The coronavirus lockdown will remain for "several more weeks at the very least", Wales' health minister says.
Vaughan Gething told the BBC "we need to give a much clearer message that this isn't going to end anytime soon".
But a UK government source accused Welsh ministers of jumping the gun ahead of a meeting in which the stay-at-home regime was discussed.
First Minister Mark Drakeford confirmed on Wednesday that the measures in Wales will be extended.
His government was the first in the four UK nations to make such a statement, although UK Foreign Secretary Dominic Raab said on Thursday evening it was too early to lift the restrictions.
Ministers need to review the regulations, which require people to stay at home except for exercise, work, and shopping for essentials, by 16 April.
The COBRA meeting, involving ministers from the UK government, Wales, Scotland and Northern Ireland, took place on Thursday afternoon.
Mr Raab said early signs suggested the lockdown was having an impact, but measures will need to stay in place "until we have got the evidence that clearly shows we have moved beyond the peak".
No 'definite period'
The UK government is responsible for the lockdown, which has been implemented on a per-nation basis, in England.
After attending the meeting with Mr Drakeford, Mr Gething told BBC Radio Wales UK ministers were now confirming "that the lockdown measures are in place, not just for this weekend but they won't be lifted, until we start to see the peak in infection, and the peak in demand starting to fall".
"Now, no reliable evidence or advice suggests that will be over on Easter Tuesday or within a few days afterwards," he said.
"We're being direct and honest with the public here in Wales we think that it's a matter of weeks before we're anywhere near that position."
Earlier, Mr Gething said the Welsh Government has not put a "definite period of the end of lockdown because we do want to have a conversation with all four nations about the emerging scientific evidence and advice".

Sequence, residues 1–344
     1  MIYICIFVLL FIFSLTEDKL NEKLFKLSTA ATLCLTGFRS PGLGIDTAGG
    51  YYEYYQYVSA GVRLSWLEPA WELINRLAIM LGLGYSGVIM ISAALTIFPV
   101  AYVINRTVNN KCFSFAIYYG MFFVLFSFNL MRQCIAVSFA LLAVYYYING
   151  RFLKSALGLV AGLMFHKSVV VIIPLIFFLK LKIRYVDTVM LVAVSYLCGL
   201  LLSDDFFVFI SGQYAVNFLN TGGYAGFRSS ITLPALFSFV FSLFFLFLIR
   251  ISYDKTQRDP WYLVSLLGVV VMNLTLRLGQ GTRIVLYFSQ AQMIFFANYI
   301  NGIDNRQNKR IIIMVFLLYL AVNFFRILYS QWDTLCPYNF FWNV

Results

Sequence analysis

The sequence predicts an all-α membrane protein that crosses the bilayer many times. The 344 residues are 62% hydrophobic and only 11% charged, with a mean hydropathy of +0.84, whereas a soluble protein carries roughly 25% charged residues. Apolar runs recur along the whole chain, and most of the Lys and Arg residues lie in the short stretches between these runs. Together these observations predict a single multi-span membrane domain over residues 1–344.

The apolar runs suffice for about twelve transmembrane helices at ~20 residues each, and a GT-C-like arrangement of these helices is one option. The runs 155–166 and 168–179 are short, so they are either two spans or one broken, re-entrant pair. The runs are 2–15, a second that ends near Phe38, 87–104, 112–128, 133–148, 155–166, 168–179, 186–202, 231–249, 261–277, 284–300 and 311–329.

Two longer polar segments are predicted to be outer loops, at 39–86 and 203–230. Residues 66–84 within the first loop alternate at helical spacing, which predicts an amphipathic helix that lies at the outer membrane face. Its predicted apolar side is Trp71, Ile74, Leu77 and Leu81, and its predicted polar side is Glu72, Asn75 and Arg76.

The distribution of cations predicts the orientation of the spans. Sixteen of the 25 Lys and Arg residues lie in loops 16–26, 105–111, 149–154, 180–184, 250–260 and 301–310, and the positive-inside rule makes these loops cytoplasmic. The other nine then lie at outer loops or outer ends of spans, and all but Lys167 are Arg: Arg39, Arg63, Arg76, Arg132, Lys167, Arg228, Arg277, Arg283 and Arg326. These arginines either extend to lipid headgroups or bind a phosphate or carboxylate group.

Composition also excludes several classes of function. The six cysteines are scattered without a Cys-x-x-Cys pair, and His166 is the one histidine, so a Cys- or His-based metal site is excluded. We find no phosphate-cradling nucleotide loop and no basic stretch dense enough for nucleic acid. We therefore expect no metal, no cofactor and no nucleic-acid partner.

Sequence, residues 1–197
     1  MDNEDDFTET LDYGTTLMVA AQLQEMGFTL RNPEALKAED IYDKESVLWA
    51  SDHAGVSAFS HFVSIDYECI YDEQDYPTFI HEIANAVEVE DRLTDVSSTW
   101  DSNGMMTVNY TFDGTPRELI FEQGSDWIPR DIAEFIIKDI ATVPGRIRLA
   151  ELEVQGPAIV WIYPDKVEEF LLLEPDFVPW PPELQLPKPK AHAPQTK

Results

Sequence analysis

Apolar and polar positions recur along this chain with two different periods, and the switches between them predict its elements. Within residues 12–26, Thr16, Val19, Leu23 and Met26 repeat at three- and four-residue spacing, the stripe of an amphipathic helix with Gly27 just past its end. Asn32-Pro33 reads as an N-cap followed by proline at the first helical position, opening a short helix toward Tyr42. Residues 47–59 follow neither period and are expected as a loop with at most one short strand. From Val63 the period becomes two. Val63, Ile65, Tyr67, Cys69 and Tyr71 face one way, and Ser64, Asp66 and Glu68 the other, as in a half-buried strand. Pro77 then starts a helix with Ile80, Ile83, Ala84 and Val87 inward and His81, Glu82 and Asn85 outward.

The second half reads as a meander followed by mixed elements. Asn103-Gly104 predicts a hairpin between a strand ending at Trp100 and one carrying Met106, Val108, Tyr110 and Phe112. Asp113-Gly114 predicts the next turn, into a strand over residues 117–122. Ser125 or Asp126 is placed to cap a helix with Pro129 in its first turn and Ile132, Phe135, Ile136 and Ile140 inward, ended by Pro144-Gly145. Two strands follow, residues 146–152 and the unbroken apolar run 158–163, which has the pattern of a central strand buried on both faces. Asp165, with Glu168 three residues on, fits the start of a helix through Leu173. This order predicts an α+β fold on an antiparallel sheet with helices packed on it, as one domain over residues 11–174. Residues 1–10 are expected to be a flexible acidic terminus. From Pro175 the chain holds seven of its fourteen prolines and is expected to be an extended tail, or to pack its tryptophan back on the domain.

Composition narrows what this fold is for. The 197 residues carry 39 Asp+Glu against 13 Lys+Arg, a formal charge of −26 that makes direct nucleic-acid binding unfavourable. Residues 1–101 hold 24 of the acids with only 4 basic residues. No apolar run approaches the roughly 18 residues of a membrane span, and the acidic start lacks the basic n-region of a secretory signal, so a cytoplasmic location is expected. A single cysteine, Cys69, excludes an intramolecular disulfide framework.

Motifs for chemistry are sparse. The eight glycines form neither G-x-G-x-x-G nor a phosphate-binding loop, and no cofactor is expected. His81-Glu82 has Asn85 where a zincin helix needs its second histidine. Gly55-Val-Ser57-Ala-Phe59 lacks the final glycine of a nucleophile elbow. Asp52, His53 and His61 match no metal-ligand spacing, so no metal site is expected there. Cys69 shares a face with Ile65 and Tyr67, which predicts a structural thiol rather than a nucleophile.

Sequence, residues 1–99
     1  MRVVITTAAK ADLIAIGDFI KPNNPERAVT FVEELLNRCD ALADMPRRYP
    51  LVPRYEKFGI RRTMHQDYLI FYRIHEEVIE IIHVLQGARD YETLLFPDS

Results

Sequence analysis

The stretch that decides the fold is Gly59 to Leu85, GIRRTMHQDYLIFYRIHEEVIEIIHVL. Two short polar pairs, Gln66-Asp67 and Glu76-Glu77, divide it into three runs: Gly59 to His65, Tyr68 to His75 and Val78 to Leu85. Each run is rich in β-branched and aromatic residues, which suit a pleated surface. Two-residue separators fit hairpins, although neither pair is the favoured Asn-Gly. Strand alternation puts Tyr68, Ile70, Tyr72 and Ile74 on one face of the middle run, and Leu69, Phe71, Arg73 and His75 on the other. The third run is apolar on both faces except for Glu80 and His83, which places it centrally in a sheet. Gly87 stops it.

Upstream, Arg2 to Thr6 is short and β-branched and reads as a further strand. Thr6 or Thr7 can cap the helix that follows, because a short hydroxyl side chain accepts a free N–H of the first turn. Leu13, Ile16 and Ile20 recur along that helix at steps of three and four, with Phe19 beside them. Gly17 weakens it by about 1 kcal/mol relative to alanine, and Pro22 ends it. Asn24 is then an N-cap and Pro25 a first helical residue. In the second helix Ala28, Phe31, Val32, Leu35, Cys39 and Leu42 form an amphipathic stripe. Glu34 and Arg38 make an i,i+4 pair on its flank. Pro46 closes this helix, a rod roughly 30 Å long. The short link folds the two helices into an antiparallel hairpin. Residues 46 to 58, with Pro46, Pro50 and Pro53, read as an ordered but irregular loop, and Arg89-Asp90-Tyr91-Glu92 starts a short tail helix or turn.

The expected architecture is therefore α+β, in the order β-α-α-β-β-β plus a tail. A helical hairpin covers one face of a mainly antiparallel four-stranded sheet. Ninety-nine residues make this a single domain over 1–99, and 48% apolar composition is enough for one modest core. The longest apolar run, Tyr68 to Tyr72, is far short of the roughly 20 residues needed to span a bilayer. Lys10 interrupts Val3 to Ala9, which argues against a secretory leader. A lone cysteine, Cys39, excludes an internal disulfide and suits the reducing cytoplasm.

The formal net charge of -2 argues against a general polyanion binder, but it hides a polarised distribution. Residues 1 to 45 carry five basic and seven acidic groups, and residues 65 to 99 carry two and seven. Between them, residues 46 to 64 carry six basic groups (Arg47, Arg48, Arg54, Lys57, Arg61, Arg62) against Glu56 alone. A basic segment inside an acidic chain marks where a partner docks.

"We may agree review periods for lockdown, but we need to give a much clearer message that this isn't going to end anytime soon," he said.
"We're in for several more weeks at the very least."
He had told BBC Breakfast it was important to be "straight with the public", saying that "if we don't provide a clear message" then people might be under the impression the lockdown measures might be lifted.
A UK government source said: "We were surprised that the Welsh Government decided to jump the gun with their own plans before a COBRA meeting to discuss a UK wide approach had convened."
The source said there had been a "high level joint call" between Mr Drakeford, Welsh Secretary Simon Hart and senior UK minister Michael Gove, at the request of Mr Drakeford, "where it was agreed that a continued UK-wide approach was best for our response to fighting coronavirus, including around the measures already in place."
Defending his position, on BBC Radio 4's World at One, Mr Drakeford said he had needed to give a clear answer on the lockdown in the Senedd.
"The difference in Wales is that the National Assembly is still sitting, unlike the House of Commons, we are meeting every week," he said.
"We met yesterday... it was inevitable that I was going to be asked questions about what we expected to happen after next week.
"I felt it was simpler to make sure that I made a statement to assembly members, and people in Wales will be clear about our position."
By BBC Wales political editor Felicity Evans
Overall the UK Government feels it is working well with the Welsh Government, but it thinks the first minister "jumped the gun" on his unilateral announcement that he would extend the lockdown into next week.
After their phone call with Mark Drakeford, I'm told UK ministers thought discussions about renewing restrictions of movement would take place at today's COBRA meeting. They wanted a UK wide approach and announcement to avoid confusion.
The Welsh Government sees it differently. The first minister says he knew he would face questions about the lockdown from assembly members in the Senedd on Wednesday afternoon.
Even more important than that, a source in Welsh Government tells me their big worry is that people might think it's ok to come to Wales next week, if there is uncertainty over whether the lockdown will be lifted.
They say they wanted to get a clear message out ahead of the Easter weekend that Wales will stay closed to tourists.